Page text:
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Oh, Shunsweets, what a useful thing to have studied! Thanks so much for your post!

Do you mind a question? Can you say if this now proves that Dr. Alfred Pennington was right about the pyruvic acid?

Treatment of OBESITY with Calorically UNRESTRICTED DIETS

I'm not very good at copying text from a pdf. Using a search for "pyruvic" will show the section which was central to Dr. Pennington's theory.

Here are the search results for "pyruvic" in Dr. Blake Donaldson's references to Dr. Pennington's work, in Strong Medicine:

HathiTrust Digital Library Search Inside - Strong medicine.


And in Dr. Richard MacKarness', Eat Fat and Grow Slim, he also refers to Dr. Pennington's findings about pyruvic acid.

Mr. Fatten-Easily's trouble is thought to be his inability to oxidise pyruvic acid properly - the so called pyruvic acid block.

He gets stuck with large quantities of pyruvic acid which is bad for him in two ways:

He cannot readily use it for energy, so he takes it by a short cut to his fat stores.

It prevents the mobilisation of fat from his fat stores by inhibiting the oxidation of fatty acids.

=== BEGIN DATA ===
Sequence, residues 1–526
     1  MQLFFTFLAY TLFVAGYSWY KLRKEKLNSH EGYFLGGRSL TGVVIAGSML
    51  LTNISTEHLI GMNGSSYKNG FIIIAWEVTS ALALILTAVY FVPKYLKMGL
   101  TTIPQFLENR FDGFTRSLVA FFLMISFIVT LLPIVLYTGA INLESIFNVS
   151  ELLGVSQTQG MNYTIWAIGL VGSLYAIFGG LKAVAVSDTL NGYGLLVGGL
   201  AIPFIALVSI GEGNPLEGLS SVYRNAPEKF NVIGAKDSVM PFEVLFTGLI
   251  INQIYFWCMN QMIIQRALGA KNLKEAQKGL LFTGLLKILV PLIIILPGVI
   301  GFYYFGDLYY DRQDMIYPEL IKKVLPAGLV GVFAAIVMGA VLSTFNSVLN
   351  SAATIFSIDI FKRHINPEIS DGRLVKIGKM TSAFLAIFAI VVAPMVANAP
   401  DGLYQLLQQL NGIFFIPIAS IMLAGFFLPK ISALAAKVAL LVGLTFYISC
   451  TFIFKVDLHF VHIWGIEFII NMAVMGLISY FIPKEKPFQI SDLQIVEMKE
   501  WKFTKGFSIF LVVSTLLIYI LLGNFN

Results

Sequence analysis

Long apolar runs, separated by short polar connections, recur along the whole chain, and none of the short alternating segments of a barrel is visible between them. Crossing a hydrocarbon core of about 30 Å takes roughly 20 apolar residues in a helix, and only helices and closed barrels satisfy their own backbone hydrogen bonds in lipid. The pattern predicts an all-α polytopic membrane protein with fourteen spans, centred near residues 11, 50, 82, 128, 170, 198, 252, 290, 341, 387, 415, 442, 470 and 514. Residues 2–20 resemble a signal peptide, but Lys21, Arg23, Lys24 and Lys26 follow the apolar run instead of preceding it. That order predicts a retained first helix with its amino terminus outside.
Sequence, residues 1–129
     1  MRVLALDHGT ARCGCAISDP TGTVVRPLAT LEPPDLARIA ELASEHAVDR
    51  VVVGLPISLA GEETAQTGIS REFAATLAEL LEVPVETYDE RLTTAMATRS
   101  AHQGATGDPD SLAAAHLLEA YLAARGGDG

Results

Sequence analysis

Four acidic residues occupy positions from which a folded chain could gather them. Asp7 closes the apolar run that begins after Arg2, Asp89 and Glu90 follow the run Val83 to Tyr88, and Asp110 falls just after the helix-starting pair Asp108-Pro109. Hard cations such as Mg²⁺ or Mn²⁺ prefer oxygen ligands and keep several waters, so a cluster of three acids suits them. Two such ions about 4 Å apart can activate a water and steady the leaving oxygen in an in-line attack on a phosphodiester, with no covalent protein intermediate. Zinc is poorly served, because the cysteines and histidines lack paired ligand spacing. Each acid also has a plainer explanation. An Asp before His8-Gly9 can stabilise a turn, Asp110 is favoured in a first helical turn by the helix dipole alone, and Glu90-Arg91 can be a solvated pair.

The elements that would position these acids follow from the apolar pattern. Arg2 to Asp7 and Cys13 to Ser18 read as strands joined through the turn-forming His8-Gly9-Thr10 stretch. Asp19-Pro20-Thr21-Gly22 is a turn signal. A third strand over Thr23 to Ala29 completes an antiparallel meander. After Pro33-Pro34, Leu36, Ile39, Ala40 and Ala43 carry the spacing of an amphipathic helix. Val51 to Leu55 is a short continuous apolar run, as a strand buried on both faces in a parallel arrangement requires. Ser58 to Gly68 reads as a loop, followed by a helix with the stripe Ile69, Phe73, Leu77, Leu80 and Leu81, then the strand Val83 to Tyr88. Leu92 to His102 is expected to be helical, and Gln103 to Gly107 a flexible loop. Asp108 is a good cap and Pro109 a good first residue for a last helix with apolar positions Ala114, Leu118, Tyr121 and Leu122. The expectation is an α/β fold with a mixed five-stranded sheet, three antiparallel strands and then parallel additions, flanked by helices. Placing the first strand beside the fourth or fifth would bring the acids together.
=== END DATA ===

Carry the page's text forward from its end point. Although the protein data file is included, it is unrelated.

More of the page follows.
If a fat man stops eating carbohydrate, he makes little pyruvic acid and removes the stimulus to his "fat organ" to make fat.

By eating fat and protein he bypasses his metabolic block.

To put it another way: obesity may be regarded as a compensatory overgrowth of the fatty tissues providing for an increased use of fat by a body incapable of using carbohydrate properly.

Feed a fat man fat and protein in place of starch and sugar and he will deal with that quite well, drawing on his stores of body fat in the process.

Paradoxically, he will eat fat and grow thinner.

He will also feel well because he will no longer be subjecting his body to starvation and he will be tackling the fundamental cause of his obesity which is not overeating but a defect in the complex biochemical machinery of his body.


...

Weight would then be gained on quite a small intake of carbohydrate food because most of it was being diverted into storage and prevented from being got out again for use.